Chhatrapati (Devanagari: छत्रपती) is an Indian royal title equivalent to an King used by the Marathas. The word ‘Chhatrapati’ is from Sanskrit chhatra (roof or umbrella) and pati (master/owner/ruler); Chhatrapati thus indicates a person who gives shelter to his followers and protects them.
In contrast, the Indian Maharaja or Raja, Yuvraj, Rajkumar or Kumar, Senapati, and Sardar most closely equate to the European titles King, Crown Prince, Prince, Duke, and Count, respectively. Shivaji adopted this title due to the fact that a lot of the other titles were bestowed on rulers by other powers like Adilshahi or Mughals.
Chhatrapti is the title adopted by Shivaji Raje Bhonsle, founder of the Maratha Empire when he got crowned. As described below, Shivaji's lineal successors in the royal House of Bhonsle also held the title of Chhatrapati.
The Royal House of Bhosle
|Shivaji||c. April 1627 / 19 February 1630||1674 - 1680||3 April 1680|
|Sambhaji||14 May 1657||20 July 1680 - 11 March 1689||11 March 1689|
|Rajaram||24 February 1670||1689 – 1700||3 March 1700|
|Shivaji II||9 June 1696||1700 – 1708||14 March 1726|
|Shahu||18 May 1682||1708 – 1748||15 December 1749|
The royal Bhosle line then splits into two, the Chhatrapatis of Satara and the Chhatrapatis of Kolhapur:
The Chhatrapatis of Satara
The following is the list of the Chhatrapatis of Satara:. Chhatrapatis after 1848 did not have any land under their rule. However, the historically important fort of Pratapgad is owned by Udayanraje Bhosale, the current claimant to the title of Chhatrapati of Satara.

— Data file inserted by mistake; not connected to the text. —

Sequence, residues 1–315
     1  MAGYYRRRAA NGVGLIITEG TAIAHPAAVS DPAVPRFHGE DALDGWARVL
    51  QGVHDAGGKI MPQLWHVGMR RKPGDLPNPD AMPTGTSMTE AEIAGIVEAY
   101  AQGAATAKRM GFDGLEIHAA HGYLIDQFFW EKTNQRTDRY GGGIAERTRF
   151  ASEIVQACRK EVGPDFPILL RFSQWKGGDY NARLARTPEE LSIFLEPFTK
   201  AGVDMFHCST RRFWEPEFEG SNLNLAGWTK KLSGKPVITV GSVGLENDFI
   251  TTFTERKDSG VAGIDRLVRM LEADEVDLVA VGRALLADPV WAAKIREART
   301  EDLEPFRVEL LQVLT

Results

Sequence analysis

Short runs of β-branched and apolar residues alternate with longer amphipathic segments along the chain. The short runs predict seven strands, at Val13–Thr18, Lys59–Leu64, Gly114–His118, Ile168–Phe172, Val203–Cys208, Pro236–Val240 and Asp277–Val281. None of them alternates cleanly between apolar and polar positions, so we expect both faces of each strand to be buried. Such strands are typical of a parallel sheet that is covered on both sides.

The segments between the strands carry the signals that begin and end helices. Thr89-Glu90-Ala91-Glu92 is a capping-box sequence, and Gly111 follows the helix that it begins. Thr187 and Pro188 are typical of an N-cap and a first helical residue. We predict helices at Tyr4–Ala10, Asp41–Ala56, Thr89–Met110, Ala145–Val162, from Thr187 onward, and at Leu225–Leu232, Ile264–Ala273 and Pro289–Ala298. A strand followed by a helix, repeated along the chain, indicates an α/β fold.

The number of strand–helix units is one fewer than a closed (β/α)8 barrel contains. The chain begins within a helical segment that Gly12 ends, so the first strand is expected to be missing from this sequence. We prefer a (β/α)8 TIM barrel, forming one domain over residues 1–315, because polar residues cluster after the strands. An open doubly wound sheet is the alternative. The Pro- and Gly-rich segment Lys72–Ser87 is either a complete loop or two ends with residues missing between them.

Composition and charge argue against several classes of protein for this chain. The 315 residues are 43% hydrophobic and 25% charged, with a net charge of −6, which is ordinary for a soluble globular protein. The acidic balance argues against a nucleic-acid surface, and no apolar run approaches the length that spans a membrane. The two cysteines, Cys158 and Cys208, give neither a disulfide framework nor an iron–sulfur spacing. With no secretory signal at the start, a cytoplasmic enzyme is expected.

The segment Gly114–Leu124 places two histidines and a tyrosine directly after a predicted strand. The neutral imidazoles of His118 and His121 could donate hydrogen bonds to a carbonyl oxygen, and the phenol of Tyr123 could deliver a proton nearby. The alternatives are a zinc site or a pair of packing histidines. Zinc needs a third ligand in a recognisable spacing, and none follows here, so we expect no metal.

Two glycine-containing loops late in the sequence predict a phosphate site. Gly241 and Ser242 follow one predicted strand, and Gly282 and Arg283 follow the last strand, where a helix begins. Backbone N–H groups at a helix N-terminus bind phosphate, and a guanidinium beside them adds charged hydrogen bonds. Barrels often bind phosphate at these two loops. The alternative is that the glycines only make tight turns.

- Shahu (1708–1748)
- Ramraja (1749–1777) -Grandson of Rajaram and his senior wife, Tarabai.
- Shahu II of Satara (1777–1808)
- Pratapsingh (1808–1839)
- Shahaji II of Satara (1839–1848)
- 1848 to Great Britain
- Pratapsinh I (adopted)
- Rajaram III of Satara
- Pratapsinh II
- Raja Shahu III (1918–1950)
- Pratapsinhraje (1950–1978)
- Udayanraje Bhosale (1978-)
The Chhatrapatis of Kolhapur
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- Tarabai as a regent of Shivaji II (1700–1708)
- Shivaji II (1700–1712) - son of Rajaram and his senior wife, Tarabai.
- Sambhaji II (1712–1760) - son of Rajaram and his junior wife, Rajasbai.
- Shivaji III (1760–1812) -
- Shambhu (1812–1821)
- Shahaji (1821–1838)
- Shivaji III (1838–1866)
- Rajaram I (1866–1870)
- Shivaji IV (1871–1883)
- Shahaji II also known as Rajarshi Shahu(1874–1922) (adopted from the ruling Ghatge family of Kagal)
- Rajaram III (1922–1940)
- Shivaji V (1941–1946)
- Sambhaji III as titular Prince (1971–1983)
- Shahu II as titular Maharaja (1983–present) (adopted from Bhosale family of Nagpur)
- Maheshwari, K.K. & K.W. Wiggins (1989). Maratha Mints and Coinage, Nashik: Indian Institute of Research in Numismatic Studies, pp.205–6
- H. S. Sardesai (2002). Shivaji, the great Maratha, Volume 2. Genesis Publishing Pvt Ltd. p. 428. ISBN 978-81-7755-284-3.
- Indu Ramchandani, ed. (2000). Student’s Britannica: India (Set of 7 Vols.) 39. Popular Prakashan. p. 8. ISBN 978-0-85229-760-5.
- ^ V.S. Kadam, 1993. Maratha Confederacy: A Study in its Origin and Development. Munshiram Manoharlal Publishers, New Delhi.
- D.B. Kasar, Rigveda to Rajgarh – Making of Shivaji the Great. Manudevi Prakashan, Mumbai.